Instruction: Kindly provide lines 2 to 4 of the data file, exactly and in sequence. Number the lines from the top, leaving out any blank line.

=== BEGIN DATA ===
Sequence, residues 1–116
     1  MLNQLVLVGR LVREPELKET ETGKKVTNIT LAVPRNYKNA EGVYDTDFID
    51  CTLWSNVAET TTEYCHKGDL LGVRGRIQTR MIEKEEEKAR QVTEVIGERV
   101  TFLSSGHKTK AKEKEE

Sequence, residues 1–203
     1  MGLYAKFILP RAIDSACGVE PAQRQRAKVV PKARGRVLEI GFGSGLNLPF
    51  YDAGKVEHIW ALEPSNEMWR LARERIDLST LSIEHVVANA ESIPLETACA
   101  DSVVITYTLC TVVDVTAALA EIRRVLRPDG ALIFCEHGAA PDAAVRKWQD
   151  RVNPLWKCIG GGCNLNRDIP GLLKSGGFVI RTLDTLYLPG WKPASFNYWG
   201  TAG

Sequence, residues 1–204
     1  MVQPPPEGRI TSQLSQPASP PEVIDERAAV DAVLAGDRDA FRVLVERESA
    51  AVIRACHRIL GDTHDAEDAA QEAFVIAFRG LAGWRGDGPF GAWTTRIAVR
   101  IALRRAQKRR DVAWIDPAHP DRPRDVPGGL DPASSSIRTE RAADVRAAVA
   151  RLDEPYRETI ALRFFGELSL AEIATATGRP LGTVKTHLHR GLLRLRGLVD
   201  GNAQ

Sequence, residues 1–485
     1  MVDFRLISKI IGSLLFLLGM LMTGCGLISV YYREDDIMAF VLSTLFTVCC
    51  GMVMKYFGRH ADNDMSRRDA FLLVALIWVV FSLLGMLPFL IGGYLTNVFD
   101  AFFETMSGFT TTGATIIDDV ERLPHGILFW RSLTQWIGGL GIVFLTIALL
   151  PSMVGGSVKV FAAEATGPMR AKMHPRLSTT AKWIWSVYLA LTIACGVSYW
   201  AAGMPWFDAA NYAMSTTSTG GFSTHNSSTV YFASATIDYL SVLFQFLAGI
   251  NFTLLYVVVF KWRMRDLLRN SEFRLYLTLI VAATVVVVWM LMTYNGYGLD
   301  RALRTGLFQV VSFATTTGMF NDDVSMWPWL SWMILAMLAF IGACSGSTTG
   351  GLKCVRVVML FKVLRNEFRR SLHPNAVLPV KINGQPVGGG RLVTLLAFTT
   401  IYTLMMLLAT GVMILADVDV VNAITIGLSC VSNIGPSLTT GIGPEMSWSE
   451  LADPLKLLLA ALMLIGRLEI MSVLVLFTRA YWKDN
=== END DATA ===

     1  MLNQLVLVGR LVREPELKET ETGKKVTNIT LAVPRNYKNA EGVYDTDFID
    51  CTLWSNVAET TTEYCHKGDL LGVRGRIQTR MIEKEEEKAR QVTEVIGERV
   101  TFLSSGHKTK AKEKEE